The Wonder That Was Ours

Available

Product Details

Price
$26.95  $24.79
Publisher
Dzanc Books
Publish Date
Dimensions
5.8 X 1.2 X 8.4 inches | 1.05 pounds
Language
English
Type
Hardcover
EAN/UPC
9781945814600
BISAC Categories:

Earn by promoting books

Earn money by sharing your favorite books through our Affiliate program.

Become an affiliate

About the Author

A former academic historian, Alice Hatcher turned her attention from footnotes to fiction several years ago. Her work has appeared or is forthcoming in Alaska Quarterly Review, The Beloit Fiction Journal, Notre Dame Review, Lascaux Review, Fourth Genre, Contrary, Chautauqua, and Gargoyle, among other journals. Her debut novel, The Wonder That Was Ours, won Dzanc Books' 2017 Prize for Fiction. Hatcher lives in Tucson, AZ. Her work can be found at www.alice-hatcher.com.

Reviews

Center for Fiction First Novel Prize - Longlist

"A Greek chorus of cockroaches amuses and admonishes in this admirable first novel about the human cost of colonialism....Sharp-witted, well-read, and with a long view of history, their voice is dignified, erudite, and often funny. "
--Kirkus Reviews

"An inventive depiction of colonialism and chaos." --Publishers Weekly

"Alice Hatcher's rollicking and visionary first novel The Wonder That Was Ours, winner of the Dzanc Prize for Fiction, is the story of 'the week everything burned.' ... Although hilarity abounds, Hatcher's take on colonialism, racial and class divides is timely, and powerfully imagined."
--Lit Hub

"Who better to tell a revelatory tale of human fallibility than perhaps the most maligned creatures on Earth? Though their story may be tragic, Alice Hatcher's cockroaches are witty, companionable, and irresistibly charming storytellers. I will be recommending this sumptuous and deeply empathic novel to all my reader friends."
- Michelle Ross, author of There's So Much They Haven't Told You

"Hatcher's choice to narrate The Wonder That Was Ours from the perspective of cockroaches feels audacious at first, then necessary, then strangely warm and touching. Her novel explores issues of alienation, injustice, and consoling friendship in truly original and unexpected ways, with cleverness and great heart. The Wonder That Was Ours reveals prejudices we didn't know we had and helps us expand our notions of love, empathy, and redemption through a story that seems both traditional and utterly new."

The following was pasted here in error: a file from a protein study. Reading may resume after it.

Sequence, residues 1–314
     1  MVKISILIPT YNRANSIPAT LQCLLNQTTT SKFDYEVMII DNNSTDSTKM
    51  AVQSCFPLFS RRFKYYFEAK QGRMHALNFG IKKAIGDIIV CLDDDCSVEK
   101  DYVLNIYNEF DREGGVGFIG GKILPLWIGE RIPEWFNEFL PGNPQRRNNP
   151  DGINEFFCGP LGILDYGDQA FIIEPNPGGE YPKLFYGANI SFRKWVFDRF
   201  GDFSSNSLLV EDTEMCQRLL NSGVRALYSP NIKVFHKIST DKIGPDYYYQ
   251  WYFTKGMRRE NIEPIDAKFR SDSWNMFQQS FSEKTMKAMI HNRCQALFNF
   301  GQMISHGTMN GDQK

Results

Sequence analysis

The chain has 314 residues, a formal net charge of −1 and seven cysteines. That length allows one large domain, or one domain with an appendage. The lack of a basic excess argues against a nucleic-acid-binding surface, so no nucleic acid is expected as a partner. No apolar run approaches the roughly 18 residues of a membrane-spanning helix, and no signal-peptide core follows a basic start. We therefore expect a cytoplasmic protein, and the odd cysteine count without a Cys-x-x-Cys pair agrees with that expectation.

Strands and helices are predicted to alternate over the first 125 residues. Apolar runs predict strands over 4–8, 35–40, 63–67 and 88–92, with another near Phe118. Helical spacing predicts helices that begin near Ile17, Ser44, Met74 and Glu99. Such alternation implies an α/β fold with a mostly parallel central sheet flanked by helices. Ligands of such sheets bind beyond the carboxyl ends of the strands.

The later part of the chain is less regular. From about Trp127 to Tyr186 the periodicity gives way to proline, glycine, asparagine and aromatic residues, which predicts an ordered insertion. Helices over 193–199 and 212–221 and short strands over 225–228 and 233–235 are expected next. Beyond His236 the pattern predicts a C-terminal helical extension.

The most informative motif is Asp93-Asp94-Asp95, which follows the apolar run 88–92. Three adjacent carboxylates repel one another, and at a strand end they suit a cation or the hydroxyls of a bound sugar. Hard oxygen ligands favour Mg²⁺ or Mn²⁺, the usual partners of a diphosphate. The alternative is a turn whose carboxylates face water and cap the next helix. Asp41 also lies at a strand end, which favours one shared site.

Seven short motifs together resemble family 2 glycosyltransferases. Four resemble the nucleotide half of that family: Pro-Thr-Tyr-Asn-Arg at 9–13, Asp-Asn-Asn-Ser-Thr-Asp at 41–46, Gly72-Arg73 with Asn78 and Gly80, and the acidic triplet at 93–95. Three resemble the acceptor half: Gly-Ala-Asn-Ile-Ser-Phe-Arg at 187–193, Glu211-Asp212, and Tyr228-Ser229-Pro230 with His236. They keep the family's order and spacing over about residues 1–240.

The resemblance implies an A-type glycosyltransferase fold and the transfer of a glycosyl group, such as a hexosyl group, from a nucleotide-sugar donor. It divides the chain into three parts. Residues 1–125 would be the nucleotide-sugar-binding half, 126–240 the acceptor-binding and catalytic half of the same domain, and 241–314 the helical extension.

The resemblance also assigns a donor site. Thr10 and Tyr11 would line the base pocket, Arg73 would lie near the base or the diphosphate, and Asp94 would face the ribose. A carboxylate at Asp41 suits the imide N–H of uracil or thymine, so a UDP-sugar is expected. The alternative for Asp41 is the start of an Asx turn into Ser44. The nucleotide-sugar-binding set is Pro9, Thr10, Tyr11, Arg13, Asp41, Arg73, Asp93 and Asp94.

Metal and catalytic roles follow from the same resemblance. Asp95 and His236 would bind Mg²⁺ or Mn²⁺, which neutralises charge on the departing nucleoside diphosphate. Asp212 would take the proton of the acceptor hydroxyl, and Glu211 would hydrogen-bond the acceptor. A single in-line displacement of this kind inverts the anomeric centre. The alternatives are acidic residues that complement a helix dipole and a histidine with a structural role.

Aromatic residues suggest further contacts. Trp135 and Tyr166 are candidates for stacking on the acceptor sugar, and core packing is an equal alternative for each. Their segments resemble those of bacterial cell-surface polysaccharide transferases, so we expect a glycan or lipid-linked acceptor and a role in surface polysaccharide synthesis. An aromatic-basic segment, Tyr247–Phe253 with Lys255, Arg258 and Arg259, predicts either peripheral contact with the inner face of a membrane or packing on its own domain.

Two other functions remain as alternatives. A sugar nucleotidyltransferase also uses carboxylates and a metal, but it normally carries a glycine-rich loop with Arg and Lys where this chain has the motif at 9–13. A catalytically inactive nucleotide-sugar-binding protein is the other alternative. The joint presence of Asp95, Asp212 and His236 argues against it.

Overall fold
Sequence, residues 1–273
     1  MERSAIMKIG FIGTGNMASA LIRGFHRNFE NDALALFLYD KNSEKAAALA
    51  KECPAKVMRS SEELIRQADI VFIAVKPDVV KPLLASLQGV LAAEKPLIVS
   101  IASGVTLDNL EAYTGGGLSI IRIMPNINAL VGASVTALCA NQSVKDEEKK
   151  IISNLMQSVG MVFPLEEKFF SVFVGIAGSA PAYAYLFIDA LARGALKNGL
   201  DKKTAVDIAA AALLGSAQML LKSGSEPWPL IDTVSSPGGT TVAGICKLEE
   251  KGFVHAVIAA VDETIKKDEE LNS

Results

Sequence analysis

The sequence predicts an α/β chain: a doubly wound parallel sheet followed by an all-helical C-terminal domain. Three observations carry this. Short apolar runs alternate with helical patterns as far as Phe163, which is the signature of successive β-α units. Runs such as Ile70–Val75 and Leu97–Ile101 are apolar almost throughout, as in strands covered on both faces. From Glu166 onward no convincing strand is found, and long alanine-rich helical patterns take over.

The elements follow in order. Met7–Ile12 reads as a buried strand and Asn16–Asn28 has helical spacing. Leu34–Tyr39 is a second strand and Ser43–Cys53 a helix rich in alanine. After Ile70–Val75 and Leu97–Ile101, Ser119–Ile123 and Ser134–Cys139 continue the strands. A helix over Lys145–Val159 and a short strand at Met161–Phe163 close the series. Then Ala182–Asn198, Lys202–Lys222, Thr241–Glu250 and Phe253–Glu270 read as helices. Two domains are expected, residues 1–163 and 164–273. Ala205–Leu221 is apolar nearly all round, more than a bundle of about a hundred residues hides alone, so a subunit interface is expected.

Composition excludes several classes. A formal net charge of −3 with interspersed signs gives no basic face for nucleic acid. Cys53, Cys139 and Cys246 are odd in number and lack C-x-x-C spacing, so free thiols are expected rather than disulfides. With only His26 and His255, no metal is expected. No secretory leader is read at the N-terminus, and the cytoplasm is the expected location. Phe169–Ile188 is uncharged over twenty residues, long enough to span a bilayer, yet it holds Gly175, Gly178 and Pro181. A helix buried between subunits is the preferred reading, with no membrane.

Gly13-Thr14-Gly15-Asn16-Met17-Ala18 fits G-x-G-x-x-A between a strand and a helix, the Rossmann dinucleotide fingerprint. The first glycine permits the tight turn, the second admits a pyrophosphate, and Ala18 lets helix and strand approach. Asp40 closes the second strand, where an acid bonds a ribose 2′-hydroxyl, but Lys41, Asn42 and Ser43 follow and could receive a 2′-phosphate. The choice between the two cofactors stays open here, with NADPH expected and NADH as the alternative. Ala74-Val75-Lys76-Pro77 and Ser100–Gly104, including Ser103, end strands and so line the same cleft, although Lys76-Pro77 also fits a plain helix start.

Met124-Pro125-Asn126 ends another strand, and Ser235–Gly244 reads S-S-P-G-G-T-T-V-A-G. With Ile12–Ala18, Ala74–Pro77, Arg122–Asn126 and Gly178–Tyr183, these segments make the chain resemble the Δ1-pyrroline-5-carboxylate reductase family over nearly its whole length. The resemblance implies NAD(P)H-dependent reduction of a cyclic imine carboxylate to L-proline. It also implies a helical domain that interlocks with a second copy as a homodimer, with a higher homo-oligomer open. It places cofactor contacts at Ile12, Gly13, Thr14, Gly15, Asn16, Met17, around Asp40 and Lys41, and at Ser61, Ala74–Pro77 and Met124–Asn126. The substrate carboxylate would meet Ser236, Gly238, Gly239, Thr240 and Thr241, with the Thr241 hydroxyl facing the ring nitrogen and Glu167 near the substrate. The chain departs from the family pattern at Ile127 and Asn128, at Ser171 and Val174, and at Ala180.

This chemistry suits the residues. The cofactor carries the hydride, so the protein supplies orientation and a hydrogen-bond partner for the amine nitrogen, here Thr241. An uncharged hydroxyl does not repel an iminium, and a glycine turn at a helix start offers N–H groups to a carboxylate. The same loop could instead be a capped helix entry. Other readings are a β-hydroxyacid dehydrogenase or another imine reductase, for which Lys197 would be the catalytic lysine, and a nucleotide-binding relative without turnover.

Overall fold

--Mark Beauregard, author of The Whale: A Love Story

"Hatcher's unique narrators offer a bird's-eye view of history, with all the glory and devastation that entails: an ambitious experiment that ends in an achingly compassionate achievement. This book is funny, warm, and piercingly intelligent--and it will probably break your heart."
- Adrienne Celt, author of Invitation to a Bonfire and The Daughters

"Don't let the omniscient cockroach narrators scare you. Put down the Roach Out! Listen to the bugs. As the passengers on an off-shore cruise ship fall to a pestilential sickness, the island nation of St. Anne and its people suffer a series of cataclysms. The Wonder That Was Ours is both funny and grim, jaunty and horrifying. The cockroaches lead a master class on the ravages of colonialism. They preach something of survival, too, and occasionally even hope."
-Daniel A. Hoyt, author of This Book Is Not For You
"What an unexpected pleasure this book was! By the end of this book I was in love and in awe: not only had the author pulled off this unusual conceit, but she'd used it to build a truly moving and revealing story. The Wonder That Was Ours is a thoughtful, fresh take on empathy, isolation, fear, and the legacies of colonialism. Professor Cleave, Dave, Helen, Tremor, and, yes, the cockroaches will remain in your hearts and your minds for a long time after finishing this book."
-Chrissy Kolaya, author of Charmed Particles
"Through chiseled prose, potent imagery, and a cast of narrators who operate as a hat tip to Kafka, Alice Hatcher's comitragic cautionary tale about race and class is impossible to forget. Part farce and part lament, The Wonder That Was Ours reminds us how 'so much depends upon perspective.'"
-Lindsey Drager, author of The Lost Daughter Collective